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Take a look inside the world’s largest cave

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Son Doong Cave in Vietnam – which is so big it contains a jungle and a river – is now open for public tours. But don’t expect it to become crowded: just 224 tourists will be permitted to visit this year

It’s so big you could fit a 40-storey skyscraper inside, but Son Doong cave remained undiscovered until a local man found it in 1991. Even then, no one explored beyond its vast entrance until British cavers visited in 2009. All photographs: Ran Deboodt

Ropes and harness are needed to get inside Son Doong, and any visitors will need to rappel 80 metres to reach the cave floor.

Pilot tours took place in August, but so far only 10 people have visited. Oxalis Adventures have been working closely with the government to ensure a sustainable future for the cave: this year they are able to take 224 tourists to Son Doong.

The first night of the six-day tour will see visitors camp near the Hand of Dog, a giant stalagmite said to resemble a dog paw.

Inside the cave is a huge river – but the source of it remains unknown. In March, a team from the British Cave Research Association, who first explored Son Doong, will return to try and shed more light on the cave’s many mysteries.

New species of plant have been discovered by scientists within the cave’s lush interior.

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Man’s Finest Hour

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Javan rhino ‘now extinct in Vietnam’

Genetic analysis of rhino dung samples revealed that there was only one individual left in Vietnam

A critically endangered species of rhino is now extinct in Vietnam, according to a report by conservation groups.

The WWF and the International Rhino Foundation said the country’s last Javan rhino was probably killed by poachers, as its horn had been cut off.

Experts said the news was not a surprise, as only one sighting had been recorded in Vietnam since 2008.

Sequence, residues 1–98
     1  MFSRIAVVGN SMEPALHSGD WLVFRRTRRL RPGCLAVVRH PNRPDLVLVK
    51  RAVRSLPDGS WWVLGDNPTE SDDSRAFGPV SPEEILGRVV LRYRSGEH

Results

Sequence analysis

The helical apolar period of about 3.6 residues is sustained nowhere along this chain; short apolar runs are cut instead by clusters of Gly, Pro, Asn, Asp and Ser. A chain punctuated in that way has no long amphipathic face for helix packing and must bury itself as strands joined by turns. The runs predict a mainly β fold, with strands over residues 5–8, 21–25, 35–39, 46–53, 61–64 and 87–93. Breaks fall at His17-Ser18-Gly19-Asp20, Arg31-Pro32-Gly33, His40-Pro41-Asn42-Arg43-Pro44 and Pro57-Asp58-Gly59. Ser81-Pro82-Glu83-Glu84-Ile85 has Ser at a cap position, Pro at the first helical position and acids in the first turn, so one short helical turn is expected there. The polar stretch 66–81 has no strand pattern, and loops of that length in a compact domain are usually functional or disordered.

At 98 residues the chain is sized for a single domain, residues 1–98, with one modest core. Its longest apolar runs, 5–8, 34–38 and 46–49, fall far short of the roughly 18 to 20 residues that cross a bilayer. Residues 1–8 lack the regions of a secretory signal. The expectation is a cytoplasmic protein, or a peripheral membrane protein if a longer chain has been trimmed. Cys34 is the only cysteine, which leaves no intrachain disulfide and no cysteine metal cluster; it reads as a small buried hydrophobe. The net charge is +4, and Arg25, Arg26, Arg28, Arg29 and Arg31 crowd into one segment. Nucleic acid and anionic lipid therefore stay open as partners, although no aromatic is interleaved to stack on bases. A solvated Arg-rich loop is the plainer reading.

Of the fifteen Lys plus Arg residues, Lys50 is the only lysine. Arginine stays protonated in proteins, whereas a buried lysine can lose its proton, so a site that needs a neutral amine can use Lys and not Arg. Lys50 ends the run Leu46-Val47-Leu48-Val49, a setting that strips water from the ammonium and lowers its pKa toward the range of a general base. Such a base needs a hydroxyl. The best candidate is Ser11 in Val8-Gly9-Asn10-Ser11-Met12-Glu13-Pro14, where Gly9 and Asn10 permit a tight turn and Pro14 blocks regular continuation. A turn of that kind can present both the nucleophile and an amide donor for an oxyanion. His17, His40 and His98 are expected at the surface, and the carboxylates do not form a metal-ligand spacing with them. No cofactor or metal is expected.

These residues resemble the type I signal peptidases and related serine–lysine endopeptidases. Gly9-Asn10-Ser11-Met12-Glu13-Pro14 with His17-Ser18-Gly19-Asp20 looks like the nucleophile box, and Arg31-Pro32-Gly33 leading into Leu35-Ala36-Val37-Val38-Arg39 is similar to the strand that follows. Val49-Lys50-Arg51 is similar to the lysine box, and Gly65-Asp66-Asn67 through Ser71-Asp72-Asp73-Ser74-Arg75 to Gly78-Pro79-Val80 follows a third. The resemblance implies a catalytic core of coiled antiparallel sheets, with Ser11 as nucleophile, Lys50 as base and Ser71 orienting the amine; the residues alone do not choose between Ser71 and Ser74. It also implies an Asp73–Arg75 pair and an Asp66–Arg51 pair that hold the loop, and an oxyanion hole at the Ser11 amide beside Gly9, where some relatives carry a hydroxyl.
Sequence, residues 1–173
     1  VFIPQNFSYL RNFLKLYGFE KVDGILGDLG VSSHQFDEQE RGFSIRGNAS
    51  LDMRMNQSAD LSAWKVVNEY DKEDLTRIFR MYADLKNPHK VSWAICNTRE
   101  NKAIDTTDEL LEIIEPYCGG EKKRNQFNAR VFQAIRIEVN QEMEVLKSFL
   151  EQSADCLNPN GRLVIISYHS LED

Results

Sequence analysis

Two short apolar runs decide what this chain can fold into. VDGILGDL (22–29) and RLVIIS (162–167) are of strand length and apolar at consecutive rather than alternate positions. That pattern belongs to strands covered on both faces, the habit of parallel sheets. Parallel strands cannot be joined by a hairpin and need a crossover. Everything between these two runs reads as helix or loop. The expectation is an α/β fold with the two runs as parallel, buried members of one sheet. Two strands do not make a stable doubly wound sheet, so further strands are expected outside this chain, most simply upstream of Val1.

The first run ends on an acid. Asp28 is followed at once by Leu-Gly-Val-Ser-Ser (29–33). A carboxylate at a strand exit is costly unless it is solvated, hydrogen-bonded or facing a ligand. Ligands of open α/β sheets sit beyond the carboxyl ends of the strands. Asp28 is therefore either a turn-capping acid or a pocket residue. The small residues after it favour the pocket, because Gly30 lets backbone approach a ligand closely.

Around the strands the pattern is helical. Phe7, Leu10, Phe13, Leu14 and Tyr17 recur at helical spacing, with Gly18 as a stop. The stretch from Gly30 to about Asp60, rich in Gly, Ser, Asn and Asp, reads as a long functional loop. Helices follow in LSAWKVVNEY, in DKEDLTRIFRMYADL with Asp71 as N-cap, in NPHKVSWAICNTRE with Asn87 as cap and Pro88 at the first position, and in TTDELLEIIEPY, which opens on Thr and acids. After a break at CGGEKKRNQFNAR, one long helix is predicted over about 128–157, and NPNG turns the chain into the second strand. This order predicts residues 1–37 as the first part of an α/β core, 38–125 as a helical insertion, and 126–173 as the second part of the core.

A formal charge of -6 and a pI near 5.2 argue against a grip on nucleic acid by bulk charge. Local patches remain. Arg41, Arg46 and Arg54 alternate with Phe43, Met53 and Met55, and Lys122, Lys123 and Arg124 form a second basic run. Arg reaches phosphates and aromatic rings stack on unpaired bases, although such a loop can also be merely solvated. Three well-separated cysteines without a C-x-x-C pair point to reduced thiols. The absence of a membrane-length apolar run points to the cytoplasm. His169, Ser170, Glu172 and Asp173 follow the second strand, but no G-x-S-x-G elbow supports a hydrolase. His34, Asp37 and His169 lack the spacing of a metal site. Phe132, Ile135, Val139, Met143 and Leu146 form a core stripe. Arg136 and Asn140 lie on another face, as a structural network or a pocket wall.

Fewer than 50 individuals are now estimated to remain in the wild.

“It is painful that despite significant investment in Vietnamese rhino conservation, efforts failed to save this unique animal, ” said WWF’s Vietnam director Tran Thi Minh Hien.

“Vietnam has lost part of its natural heritage.”

The authors of the report, Extinction of the Javan Rhino from Vietnam, said genetic analysis of dung samples collected between 2009-2010 in the Cat Tien National Park showed that they all belonged to just one individual.

Shortly after the survey was completed, conservationists found out that the rhino had been killed. They say it was likely to have been the work of poachers because it had been shot in a leg and its horn had been cut off.

Source: BBC News

Cat Tien National Park , a diverse landscape

Possibly the rarest large mammal on earth

The Javan Rhinoceros (Sunda Rhinoceros to be more precise) or Lesser One-horned Rhinoceros (Rhinoceros sondaicus) with only one known population in the wild, and none in zoos. It is possibly the rarest large mammal on earth.

Cat Tien National Park Bau Sau (Crocodile Lake)

This post has been posted simultaneously on Eco-Crap

Ha Long Bay, Vietnam

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Ha Long Bay - Paradise of Nature

Ha Long Bay affords some of Vietnam’s most spectacular scenery, including beautiful limestone formations, rock arches, gin-clear water, virtually inaccessible lagoons, sheer cliffs, peaceful coves, eerie caves, secluded strips of white, powdery sand, and thousands of limestone islets.

Like sculpted cartoon characters, these islets are fancifully named: Frog Island, Face Island, the Isle of Wonders and the Isle of Surprise. Chinese junks glide over the teal-hued bay between the grottos, which are densely carpeted in neon-green ficas, mangrove and spiky cacti.

Pearl oyster farms are tucked into tight channels between the towering, limestone cliffs. Primitive floating fish hatcheries are spun across the waters between the grottos like neglected spider webs.

Source: The Wondrous

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